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Improved hurricane models could save lives, money

Satellite image of Hurricane Irene.

Each hurricane season brings varying levels of storms and destruction. The 2005 Atlantic Coast hurricane season was the most devastating to the region in recorded history, and in 2011 Hurricane Irene (pictured) was the 10th billion-dollar disaster to occur that year.

August 14, 2015

The 2005 Atlantic Coast hurricane season was the most devastating to the region in recorded history, with Hurricane Katrina alone causing catastrophic damage. Despite sophisticated storm tracking and warning systems, the predictions on the season's storms missed the mark with tragic consequences — an estimated 3,913 deaths and more than $159 billion in property damage.

With all of the ways that information is circulated — TV, radio, social media, word of mouth — getting the right message to the right people at the right time can be a logistical nightmare.

“What sounds like a relatively straightforward process — assess, predict, inform the public — is actually complicated by all the different ways information is spread and what the people choose to heed or ignore,” said complex adaptive systems modeler Michael Barton, an archaeologist in the College of Liberal Arts and Science’s School of Human Evolution and Social Change.

The way such information flows is beyond intuitive comprehension.

“But computational science provides us with powerful tools to model and simulate how people react to hurricane warnings,” he explained. “We also have the data of what actually happened in past storms that we can use to test and improve the models.”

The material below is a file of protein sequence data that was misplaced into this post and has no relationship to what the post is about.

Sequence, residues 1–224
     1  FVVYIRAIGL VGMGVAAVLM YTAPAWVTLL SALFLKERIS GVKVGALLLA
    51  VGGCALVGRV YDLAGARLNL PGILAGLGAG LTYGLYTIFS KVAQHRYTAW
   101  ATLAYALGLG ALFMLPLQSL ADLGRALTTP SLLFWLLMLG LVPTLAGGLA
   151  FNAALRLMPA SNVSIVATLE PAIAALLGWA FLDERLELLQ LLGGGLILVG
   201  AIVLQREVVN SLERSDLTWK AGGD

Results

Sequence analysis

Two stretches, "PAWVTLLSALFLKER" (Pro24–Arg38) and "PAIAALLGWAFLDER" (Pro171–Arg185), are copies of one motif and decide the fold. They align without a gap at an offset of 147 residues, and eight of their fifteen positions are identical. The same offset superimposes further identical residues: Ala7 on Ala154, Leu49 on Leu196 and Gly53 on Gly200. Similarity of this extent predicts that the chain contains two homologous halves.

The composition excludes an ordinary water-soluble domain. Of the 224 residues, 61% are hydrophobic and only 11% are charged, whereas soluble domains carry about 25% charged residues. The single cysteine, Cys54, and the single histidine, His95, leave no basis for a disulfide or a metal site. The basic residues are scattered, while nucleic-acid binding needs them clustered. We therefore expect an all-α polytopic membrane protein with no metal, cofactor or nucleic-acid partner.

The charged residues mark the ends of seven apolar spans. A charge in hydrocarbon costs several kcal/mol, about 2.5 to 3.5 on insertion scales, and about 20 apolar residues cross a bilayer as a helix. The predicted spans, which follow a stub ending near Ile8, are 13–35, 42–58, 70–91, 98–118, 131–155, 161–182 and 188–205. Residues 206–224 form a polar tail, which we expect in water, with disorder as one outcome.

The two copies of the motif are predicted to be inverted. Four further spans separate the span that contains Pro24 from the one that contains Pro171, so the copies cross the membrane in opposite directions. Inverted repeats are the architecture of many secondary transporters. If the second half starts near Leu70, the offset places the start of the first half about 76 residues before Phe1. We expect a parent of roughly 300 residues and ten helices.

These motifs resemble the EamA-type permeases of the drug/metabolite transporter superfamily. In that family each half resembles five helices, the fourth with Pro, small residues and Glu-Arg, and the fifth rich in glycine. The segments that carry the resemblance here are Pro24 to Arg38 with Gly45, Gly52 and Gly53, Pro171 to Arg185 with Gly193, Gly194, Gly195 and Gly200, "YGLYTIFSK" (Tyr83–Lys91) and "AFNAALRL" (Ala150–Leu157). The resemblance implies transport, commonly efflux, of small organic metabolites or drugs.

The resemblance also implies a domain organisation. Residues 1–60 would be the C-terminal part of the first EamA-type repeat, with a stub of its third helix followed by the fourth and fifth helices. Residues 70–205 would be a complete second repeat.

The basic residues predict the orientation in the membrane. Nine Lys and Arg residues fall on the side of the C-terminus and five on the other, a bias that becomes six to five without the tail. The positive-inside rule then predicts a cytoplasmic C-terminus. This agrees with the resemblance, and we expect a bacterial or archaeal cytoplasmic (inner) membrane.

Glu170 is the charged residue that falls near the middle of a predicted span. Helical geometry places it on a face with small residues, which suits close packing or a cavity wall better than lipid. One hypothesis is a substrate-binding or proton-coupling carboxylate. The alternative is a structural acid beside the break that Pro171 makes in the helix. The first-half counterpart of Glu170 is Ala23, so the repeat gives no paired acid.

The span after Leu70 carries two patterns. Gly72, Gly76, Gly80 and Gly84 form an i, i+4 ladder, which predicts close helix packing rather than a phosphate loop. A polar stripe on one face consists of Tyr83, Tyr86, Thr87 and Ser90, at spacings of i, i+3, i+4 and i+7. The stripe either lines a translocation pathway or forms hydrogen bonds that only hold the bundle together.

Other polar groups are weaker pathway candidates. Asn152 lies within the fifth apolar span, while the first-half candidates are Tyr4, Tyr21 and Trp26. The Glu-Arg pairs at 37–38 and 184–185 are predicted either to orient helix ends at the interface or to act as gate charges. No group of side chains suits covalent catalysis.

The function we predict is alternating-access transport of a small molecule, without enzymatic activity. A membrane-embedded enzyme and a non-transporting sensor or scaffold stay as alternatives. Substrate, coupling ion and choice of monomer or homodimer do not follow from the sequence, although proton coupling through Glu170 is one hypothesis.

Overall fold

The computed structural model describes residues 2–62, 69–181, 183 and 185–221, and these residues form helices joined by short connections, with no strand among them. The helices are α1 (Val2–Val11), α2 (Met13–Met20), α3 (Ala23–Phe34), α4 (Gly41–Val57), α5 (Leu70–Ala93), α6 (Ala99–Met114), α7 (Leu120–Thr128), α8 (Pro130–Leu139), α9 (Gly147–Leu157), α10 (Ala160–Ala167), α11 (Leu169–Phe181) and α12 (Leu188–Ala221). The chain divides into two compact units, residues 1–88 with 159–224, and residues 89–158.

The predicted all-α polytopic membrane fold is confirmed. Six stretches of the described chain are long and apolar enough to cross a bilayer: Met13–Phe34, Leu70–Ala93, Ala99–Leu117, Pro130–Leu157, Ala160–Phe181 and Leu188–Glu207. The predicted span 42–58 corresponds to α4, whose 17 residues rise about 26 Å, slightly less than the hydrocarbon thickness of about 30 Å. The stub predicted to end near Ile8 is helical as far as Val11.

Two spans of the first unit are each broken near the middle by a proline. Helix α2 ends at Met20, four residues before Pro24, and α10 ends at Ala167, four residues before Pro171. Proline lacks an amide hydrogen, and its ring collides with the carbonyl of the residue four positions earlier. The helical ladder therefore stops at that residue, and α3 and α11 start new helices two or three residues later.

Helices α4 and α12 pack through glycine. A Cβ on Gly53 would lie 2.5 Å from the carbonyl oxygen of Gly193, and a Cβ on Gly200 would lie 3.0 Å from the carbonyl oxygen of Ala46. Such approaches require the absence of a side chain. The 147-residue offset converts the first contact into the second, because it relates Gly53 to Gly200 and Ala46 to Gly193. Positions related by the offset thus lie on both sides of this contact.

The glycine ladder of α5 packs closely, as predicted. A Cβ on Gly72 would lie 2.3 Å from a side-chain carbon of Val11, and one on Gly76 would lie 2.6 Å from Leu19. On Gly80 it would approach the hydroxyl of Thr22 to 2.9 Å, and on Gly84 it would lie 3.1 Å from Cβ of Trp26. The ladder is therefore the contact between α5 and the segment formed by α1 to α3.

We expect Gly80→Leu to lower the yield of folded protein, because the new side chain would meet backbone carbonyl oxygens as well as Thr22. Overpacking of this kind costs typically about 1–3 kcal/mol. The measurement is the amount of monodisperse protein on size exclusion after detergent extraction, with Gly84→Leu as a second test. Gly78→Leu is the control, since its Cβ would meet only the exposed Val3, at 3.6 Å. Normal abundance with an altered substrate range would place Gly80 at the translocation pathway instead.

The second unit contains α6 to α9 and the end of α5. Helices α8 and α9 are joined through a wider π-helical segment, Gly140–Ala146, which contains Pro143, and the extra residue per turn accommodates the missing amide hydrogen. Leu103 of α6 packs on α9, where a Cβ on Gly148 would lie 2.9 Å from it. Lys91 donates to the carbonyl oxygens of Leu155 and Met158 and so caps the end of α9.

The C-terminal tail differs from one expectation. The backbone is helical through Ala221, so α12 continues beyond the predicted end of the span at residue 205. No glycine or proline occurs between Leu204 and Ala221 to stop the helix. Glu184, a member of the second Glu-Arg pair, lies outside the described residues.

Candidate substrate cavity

As the lead ASU investigator, Barton is working on a project aimed at preparing the nation for natural disasters. The Communicating Hazard Information in the Modern Environment (CHIME) project, funded by the National Science Foundation, seeks to better understand how people respond to these types of warnings.

According to Josh Watts, another ASU archaeologist on the project, hurricanes are typically categorized based on wind speed, but much of the damage is caused by flooding from the storm surge.

Wind speed alone does not predict the storm surge, so a Category 3 hurricane can be a really windy day or a massive flood, depending on the way the tides, wind and landfall all come together, Watts said.

“We’re working on new models to both predict the storm surge and provide accurate warnings for evacuation planning,” he said.

The team, which is led by the National Center for Atmospheric Research and includes researchers from the University of Colorado at Boulder, is sifting through data that at first glance resembles a tangled ball of string.

“We are not just looking at the networks, but also the quality of the information and its impact,” Barton said. “What kinds of messages work for what kinds of people? Who relies on social media or looks to their neighbors? What roles do past or recent experience play? How do news agencies figure out which information to broadcast? You don’t want to cause massive panic every time there is a storm and have millions evacuating who are not in danger.

“It’s complicated, but not impossible to figure out using the kinds of complex adaptive systems models we are perfecting at ASU,” Barton said.

He laughed about scientists in the desert working on hurricane issues.

“It probably sounds strange that archaeologists from Arizona State University got a big grant to study hurricanes in Florida,” he admitted. “But the fact is, we have some of the best expertise in the country for modeling complex social behavior.”

Learn more about Complex Adaptive Systems science at ASU at Learn more about the CHIME project here.

This story originally appeared in CLAS Magazine, Spring/Summer 2015.